Here are a few of the more interesting responses to Scot's post ...
- Resilience: Keeping going even when things are looking dark.
- Empathy: The capacity to connect imaginatively with the sufferings and unique experiences of another person.
- Patience: We should grow calmer and more forgiving by being more realistic about how things actually happen.
- Sacrifice: We won't ever manage to raise a family, love someone else or save the planet if we don't keep up with the art of sacrifice.
- Politeness: Politeness is closely linked to tolerance, -the capacity to live alongside people whom one will never agree with, but at the same time, cannot avoid.
- Humour: Like anger, humour springs from disappointment, but it is disappointment optimally channelled.
- Self-awareness: To know oneself is to try not to blame others for one's troubles and moods; to have a sense of what's going on inside oneself, and what actually belongs to the world.
- Forgiveness: It's recognising that living with others is not possible without excusing errors.
- Hope: Pessimism is not necessarily deep, nor optimism shallow.
- Confidence: Confidence is not arrogance - rather, it is based on a constant awareness of how short life is and how little we will ultimately lose from risking everything.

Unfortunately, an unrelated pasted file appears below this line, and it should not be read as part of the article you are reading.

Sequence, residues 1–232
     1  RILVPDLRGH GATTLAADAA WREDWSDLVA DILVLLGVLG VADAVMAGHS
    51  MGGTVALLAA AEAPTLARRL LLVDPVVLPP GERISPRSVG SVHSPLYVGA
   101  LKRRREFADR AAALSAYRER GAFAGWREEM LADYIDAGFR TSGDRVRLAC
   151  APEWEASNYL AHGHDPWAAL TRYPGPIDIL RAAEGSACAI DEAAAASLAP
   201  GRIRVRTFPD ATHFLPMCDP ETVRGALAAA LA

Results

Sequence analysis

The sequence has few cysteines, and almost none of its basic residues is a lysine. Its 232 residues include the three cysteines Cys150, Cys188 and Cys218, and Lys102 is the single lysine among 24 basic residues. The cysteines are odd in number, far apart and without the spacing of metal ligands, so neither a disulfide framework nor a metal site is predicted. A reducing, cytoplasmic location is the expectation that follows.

What responses do you have towards the list? Do you think they really represent atheistic thought or do they merely present a humanistic spin on New Testament Christian morality and behavior?
- Interesting… These are great ideals. If there is no God and the world was completely cleansed of all religion, would these ideals still exist?
- I suspect that the world would be much darker without the influence of those who have faithfully taken up their cross and followed in his steps.
- As I understand my history none if these traits were a part of the pre Christian world, except possibly to some degree in Israel.
- Only in the West, do atheists see these ideals a “the way things are” – because Western culture and ideals have been so deeply impacted by Jesus.
- I don’t find them consistent with a true atheist worldview. I have often thought Nihilism is the most honest form of atheism.
- Three principles of significant importance to me as a Christian apologist are conspicuously missing from this list: honesty, integrity, and rationality.